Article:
Caring for patients in this way can be challenging. Yet physicians who explore patients’ experiences of serious illness and help them edit their stories of brokenness often discover this care to be some of the most fulfilling work of their careers (figure 7).

Figure 7

Healing suffering through whole patient care. Copyright 2024 TR Egnew and WR Phillips.


  • Toombs SK. Healing and incurable illness. Humane Med 1995;11:98–103.

  • Hsu C, Phillips, WR, Sherman KJ, Hawkes R, Cherkin DC. Healing in primary care: vision shared by patients, physicians, nurses and clinical staff. Ann Fam Med 2008;6:307–14. doi: 10.1370/afm.838

  • Scott JG, Cohen D, DiCicco-Bloom D, Miller WL, Stange KC, Crabtree BF. Understanding healing relationships in primary care. Ann Fam Med 2008;6:315–22. doi: 10.1370/afm.860

The power of listening to stories

Colette Stanley

Family medicine is built on stories. Our visits with patients create the foundation on which these narratives are built.

Patients share their histories with us, those of present concerns and past experiences: these are the stories of their lives. Throughout our training we, as family physicians, hone our abilities to listen to these stories, retell them during rounds and rewrite them in our notes. These stories are truly why we are family physicians.

I became a family doctor because I reveled in the idea of walking with someone through various stages of their life. For me, there is nothing more rewarding than caring for a woman during her pregnancy, delivering her baby, and sharing the joy as that baby achieves all their milestones over time. At the other end of life’s spectrum, it is an honor to care for someone through health and sickness, helping them find comfort as they face their mortality. Becoming an integral part of patients’ life stories is a gift to be treasured.

Sometimes the stories we hear are heavy burdens carried from room to room as we navigate our days. I once sat with a patient during a prenatal visit, listening to her tell me that she hadn’t felt her baby move in a few days. My worst fears of fetal demise were confirmed on an in-office ultrasound. After sending her off to Labor & Delivery via ambulance, I walked into my next patient’s room. He was a 70-year-old man who smiled at me as I walked in, eager to show me his improved blood sugars over the last month. The emotional roller coaster can be overwhelming at times.

Our jobs are difficult, but often also rewarding in the most surprising ways. Making the right diagnosis is great for my ego, but it’s the relationship-building that keeps a lasting smile on my face day after day. On a particularly challenging day in clinic, I walked into my two year old’s well child check-up. He was pulling at everything he could reach in the room as mom attempted to reel him in. My laptop seemed to catch his eye as I sat down while mom told me about plans for his upcoming birthday party. The little guy walked over and motioned to be picked up. I sat him on my lap as mom repeatedly apologized. Little did she know, this was the highlight of my day.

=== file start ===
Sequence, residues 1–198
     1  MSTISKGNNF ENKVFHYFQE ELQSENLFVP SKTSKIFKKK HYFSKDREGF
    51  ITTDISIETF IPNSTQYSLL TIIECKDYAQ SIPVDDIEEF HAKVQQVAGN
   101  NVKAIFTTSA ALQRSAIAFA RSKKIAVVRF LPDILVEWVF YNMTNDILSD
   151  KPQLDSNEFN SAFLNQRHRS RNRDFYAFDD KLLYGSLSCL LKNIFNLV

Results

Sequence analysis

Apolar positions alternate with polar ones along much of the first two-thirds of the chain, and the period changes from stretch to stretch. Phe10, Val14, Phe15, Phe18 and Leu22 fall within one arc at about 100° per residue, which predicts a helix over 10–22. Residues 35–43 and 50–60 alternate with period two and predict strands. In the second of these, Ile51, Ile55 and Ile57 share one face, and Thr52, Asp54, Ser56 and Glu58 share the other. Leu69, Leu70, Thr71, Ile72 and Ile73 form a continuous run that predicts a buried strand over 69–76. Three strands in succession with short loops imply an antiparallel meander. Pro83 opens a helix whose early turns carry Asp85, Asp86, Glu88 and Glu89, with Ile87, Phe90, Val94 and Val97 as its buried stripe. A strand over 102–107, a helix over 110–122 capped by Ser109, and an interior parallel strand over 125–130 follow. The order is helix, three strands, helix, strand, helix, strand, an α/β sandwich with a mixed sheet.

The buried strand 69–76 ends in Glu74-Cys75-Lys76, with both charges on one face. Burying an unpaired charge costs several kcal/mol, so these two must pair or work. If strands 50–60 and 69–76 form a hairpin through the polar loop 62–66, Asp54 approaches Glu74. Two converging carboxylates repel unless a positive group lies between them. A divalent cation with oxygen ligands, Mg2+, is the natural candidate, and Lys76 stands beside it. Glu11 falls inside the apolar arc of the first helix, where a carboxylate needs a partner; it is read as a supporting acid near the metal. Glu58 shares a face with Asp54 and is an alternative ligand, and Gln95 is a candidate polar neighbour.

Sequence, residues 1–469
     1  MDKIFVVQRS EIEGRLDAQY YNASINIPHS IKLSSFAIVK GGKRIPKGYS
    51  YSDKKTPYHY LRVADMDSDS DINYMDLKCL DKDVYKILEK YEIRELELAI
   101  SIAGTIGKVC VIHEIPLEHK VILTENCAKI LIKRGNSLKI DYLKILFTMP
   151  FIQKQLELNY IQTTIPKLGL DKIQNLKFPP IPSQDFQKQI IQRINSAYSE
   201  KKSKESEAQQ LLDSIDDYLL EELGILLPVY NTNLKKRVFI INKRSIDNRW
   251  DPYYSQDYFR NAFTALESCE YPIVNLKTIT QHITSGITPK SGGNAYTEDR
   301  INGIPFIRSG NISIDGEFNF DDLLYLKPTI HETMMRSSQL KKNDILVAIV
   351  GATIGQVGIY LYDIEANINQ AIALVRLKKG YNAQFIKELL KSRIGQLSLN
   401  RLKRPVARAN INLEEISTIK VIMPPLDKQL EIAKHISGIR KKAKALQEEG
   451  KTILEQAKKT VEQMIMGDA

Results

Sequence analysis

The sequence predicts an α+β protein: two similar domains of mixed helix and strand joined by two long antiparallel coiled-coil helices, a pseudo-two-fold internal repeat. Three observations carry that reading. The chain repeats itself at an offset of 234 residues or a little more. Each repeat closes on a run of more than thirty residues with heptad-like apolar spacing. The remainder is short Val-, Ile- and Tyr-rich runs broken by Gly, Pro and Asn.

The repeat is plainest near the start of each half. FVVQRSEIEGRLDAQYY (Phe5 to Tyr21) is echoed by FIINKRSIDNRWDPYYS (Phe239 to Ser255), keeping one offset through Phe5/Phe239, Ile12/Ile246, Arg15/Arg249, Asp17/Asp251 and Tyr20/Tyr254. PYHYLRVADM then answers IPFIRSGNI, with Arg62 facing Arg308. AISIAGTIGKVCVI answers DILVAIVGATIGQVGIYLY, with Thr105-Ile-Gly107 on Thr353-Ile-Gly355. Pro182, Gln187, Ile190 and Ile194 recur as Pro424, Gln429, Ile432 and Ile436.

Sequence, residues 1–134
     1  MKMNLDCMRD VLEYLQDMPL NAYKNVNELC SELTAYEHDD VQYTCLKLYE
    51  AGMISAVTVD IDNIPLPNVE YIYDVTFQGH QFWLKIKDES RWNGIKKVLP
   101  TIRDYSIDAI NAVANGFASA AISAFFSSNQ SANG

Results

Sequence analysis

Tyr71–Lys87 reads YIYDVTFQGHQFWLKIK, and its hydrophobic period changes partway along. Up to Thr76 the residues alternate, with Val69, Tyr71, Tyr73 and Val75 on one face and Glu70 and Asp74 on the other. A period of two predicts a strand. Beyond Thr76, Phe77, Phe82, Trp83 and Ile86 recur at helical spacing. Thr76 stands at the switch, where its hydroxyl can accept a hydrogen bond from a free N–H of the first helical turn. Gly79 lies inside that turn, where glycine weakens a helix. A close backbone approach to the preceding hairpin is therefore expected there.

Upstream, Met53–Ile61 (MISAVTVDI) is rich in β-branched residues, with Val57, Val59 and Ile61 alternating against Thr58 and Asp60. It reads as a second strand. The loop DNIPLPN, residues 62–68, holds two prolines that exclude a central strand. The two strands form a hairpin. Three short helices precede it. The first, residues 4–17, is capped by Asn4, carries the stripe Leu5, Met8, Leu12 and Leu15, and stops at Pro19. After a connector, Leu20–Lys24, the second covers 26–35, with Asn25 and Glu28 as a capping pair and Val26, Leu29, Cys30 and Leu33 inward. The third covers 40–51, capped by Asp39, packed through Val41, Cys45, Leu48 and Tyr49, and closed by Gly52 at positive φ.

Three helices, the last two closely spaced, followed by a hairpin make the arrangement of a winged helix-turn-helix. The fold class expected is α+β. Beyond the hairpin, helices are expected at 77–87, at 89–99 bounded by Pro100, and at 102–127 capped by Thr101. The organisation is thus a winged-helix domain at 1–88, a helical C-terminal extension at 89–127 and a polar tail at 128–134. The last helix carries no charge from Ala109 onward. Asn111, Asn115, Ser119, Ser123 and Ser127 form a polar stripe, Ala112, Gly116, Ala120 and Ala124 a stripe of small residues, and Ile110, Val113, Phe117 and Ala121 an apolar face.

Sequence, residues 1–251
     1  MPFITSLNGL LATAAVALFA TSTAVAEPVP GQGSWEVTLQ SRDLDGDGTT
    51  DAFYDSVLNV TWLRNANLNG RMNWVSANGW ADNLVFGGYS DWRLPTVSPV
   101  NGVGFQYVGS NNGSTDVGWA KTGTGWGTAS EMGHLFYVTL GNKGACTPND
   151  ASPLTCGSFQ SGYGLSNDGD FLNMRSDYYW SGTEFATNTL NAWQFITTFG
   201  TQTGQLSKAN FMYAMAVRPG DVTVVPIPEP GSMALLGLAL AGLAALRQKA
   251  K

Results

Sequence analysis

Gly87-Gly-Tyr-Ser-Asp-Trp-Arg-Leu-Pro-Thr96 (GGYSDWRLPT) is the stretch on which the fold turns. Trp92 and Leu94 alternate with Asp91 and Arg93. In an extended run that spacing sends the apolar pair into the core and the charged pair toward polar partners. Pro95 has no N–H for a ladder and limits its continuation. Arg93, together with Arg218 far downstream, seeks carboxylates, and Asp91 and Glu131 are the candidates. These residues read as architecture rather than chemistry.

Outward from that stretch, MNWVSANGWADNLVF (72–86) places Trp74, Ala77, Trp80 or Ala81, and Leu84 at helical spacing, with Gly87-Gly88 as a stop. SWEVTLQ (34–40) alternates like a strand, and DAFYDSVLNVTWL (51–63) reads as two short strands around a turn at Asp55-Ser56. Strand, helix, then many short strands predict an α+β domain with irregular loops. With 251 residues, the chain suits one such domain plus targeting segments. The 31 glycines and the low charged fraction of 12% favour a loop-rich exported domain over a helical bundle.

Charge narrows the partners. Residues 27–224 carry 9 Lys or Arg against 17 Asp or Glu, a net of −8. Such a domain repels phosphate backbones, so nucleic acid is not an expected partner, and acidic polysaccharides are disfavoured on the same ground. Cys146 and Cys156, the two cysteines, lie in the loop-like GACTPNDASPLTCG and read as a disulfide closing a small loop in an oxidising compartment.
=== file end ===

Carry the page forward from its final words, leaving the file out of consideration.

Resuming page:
There is much that sidetracks us from our core family medicine values, creating for us a version of mission impossible: insurance companies, rising costs of vital medications, RVUs (relative value units, measures of clinical productivity) and never-ending piles of paperwork are all contributing agents. To re-centre ourselves amid these distractions, we need to find ways to stay true to our purpose—reconnecting with why we embarked on this mission in the first place. Listening to and relating stories are what keep me grounded (figure 8).

Figure 8

Stories as meaning and purpose in practice.

Hearing and recounting these narratives serve to release the emotions I do not usually get to process as I am hustling from patient to patient, bearing witness to people’s suffering and joy. It’s a therapeutic process that keeps me rooted in my ‘why’—my purpose in practice—a constant reminder of who the lead characters really are in my own professional story: my patients.


  • Borkan J, Reis S, Medalie J. Narratives in family medicine: tales of transformation, points of breakthrough for family physicians. Fam Syst Health 2001;19:121–34.

  • Ventres W, Gross P. Getting started: a call for storytelling in family medicine education. Fam Med 2016;48:682–7.

  • Verghese A. The physician as storyteller. Ann Intern Med 2001;135:1012–7.

Data availability statement

Data sharing not applicable as no datasets generated and/or analysed for this study.

Ethics statements

Patient consent for publication



  • Contributors WBV and LAS conceived of the Storylines of Family Medicine series. WBV, JFS, JRBL, PGB, JED, WRP, TRE, and CSS wrote the first drafts of their respective essays or sections in the manuscript. All authors contributed to the conception and editing of their respective essays or sections in the manuscript. Essay first authors reviewed and approved the final version of their contributions. WBV is the guarantor of this work and, as such, had full access to all the components of the manuscript and takes responsibility for the integrity of and accuracy of the information contained within. Illustrations: except as noted, authors designed the initial illustrations associated with their essays, and WBV created the final published images. All graphical icons originated from the Noun Project (

  • Funding The authors have not declared a specific grant for this research from any funding agency in the public, commercial or not-for-profit sectors.

  • Competing interests None declared.

  • Patient and public involvement Patients and/or the public were not involved in the design, or conduct, or reporting, or dissemination plans of this research.

  • Provenance and peer review Commissioned; externally peer reviewed.

  • Author note All patient names are pseudonyms. Identifying data have been changed to protect patient anonymity.